An Inside Story of India’s E-commerce Pioneers

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anuAnuradha Goyal is an Innovation consultant by profession, a travel blogger and a book reviewer by passion

What are the common traits of the pioneers you interviewed in Mouse Charmers

The biggest common factor is their persistent experimentation. We must understand that the space they are creating is new, so there are no established precedents in the market, at least not in the Indian environment. At the same time customers and consumers are also evolving with their offerings. As these companies experiment with new features as new offerings for their customers, customers respond based on their experience which is a novelty for them.

Digital companies and their customers are co-evolving and the experimentation is the core of this co-evolution. After a few years, models may evolve for the next generation of entrepreneurs to follow or improve upon. Each of these companies is constantly experimenting, building on the experiments that work well and rejecting the ones that do not.

Another common factor is the flexibility to change with respect to the environment. Take Commonfloor for example, they started with a small idea but they kept modulating their business model to involve the stake holders of their domain that involved both the entities to whom they could have been a potential threat like real estate brokers. Similarly, the scale at which Flipkart does ‘Cash On Delivery’ is adapting a global model for local needs.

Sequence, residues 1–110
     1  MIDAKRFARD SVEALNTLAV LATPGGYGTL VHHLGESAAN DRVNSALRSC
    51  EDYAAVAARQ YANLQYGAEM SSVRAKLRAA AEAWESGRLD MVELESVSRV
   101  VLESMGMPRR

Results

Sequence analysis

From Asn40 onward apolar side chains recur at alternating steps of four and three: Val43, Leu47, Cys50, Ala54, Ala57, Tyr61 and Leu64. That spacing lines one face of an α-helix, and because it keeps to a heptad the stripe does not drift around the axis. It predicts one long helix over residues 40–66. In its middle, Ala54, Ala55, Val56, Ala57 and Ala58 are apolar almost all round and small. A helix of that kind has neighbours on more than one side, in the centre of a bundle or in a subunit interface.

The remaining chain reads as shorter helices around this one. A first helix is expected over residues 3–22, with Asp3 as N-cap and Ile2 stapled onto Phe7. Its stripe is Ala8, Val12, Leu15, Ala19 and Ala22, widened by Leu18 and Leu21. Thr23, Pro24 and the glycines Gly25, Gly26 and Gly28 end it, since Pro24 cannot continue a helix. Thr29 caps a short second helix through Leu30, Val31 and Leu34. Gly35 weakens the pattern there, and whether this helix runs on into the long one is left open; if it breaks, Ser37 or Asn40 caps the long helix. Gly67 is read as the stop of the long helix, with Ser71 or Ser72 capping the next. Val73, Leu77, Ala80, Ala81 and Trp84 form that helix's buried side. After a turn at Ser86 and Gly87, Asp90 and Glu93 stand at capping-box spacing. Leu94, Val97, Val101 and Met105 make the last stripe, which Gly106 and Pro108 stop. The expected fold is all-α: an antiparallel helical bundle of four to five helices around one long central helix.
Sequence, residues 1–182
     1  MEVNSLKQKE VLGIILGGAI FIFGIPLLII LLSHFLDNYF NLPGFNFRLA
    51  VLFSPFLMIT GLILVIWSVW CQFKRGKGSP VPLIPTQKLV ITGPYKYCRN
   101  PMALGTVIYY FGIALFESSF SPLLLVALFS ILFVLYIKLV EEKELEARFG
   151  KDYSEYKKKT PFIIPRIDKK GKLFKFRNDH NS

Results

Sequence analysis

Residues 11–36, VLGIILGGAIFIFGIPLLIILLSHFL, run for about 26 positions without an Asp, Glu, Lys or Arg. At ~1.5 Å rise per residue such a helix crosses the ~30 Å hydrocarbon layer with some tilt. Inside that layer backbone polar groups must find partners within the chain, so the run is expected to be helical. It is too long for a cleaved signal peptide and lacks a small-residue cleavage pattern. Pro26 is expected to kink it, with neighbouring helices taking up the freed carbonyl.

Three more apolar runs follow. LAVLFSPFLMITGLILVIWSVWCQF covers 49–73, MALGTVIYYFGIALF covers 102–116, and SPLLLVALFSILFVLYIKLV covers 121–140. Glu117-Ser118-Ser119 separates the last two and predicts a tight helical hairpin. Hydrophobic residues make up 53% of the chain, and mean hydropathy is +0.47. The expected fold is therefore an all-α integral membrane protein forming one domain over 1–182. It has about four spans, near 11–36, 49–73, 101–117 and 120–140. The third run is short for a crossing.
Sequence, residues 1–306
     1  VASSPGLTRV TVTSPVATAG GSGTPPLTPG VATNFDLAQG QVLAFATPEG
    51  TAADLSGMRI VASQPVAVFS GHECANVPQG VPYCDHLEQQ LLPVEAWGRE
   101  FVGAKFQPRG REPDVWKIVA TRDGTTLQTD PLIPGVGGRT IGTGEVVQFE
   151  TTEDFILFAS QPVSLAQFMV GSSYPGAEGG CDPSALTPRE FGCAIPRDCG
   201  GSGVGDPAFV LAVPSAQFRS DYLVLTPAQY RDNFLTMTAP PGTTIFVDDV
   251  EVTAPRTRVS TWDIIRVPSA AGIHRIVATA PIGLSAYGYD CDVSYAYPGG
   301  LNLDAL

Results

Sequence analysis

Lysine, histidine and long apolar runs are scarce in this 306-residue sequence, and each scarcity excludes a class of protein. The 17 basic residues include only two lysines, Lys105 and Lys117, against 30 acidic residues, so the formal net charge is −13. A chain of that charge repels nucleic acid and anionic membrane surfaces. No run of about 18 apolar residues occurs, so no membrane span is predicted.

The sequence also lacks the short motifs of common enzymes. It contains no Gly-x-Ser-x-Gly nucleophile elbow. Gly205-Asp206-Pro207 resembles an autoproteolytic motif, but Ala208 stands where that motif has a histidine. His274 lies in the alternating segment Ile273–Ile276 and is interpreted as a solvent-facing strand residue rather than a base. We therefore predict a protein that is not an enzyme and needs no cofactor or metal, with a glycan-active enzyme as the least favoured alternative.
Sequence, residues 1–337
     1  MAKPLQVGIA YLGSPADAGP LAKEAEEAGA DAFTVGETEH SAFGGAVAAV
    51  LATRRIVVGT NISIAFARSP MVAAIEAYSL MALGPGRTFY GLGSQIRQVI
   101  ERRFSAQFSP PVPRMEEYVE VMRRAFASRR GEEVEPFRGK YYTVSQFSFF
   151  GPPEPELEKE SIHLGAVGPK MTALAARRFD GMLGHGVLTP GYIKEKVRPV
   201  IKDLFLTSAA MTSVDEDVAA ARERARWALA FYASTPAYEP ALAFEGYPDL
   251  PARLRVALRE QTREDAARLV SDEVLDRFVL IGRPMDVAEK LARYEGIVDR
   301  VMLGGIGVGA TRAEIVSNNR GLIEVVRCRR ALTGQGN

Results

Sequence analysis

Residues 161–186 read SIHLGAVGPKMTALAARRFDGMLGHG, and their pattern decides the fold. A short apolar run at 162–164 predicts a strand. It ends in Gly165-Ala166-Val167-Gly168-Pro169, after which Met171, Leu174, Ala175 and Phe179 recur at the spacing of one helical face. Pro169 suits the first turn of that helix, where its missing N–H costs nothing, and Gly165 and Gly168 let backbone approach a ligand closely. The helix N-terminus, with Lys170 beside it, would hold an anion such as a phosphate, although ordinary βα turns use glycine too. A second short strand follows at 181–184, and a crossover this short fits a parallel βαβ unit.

An obsessive focus on what customers want and what will make their life easier and happier is also a common trait among all of them. If you read the stories, you will see that all of them are investing heavily into understanding the customer and the potential inhibitions that they may have in transacting online.

There’s a perception that most of them are from non IT background and not brought up in cities, how did they manage this so called handicap? On the contrary, a lot of them are actually from strong IT background. For example founding teams of Commonfloor, Indiblogger and Flipkart had only technology backgrounds and they developed the domain knowledge on the go. Others like Zomato & Caratlane have balanced teams with co-founders bringing technology and domain knowledge to the table. Others hired the right technology skills. Technical talent is thankfully available in abundance to choose from in the country so that is not really an issue. Technology today is probably the easier part of a digital business. Technology bits of any of these companies are easily replicable but what are not replicable are their insights into the business and understanding of their domains and more importantly an insight into the customer’s mind. What is important though for digital companies is that technology teams understand the business so that they can provide agile solutions for the business on the go. This is primarily the reason that they all have in-house teams to manage their IT as agility and speed to market is lost with the external vendor.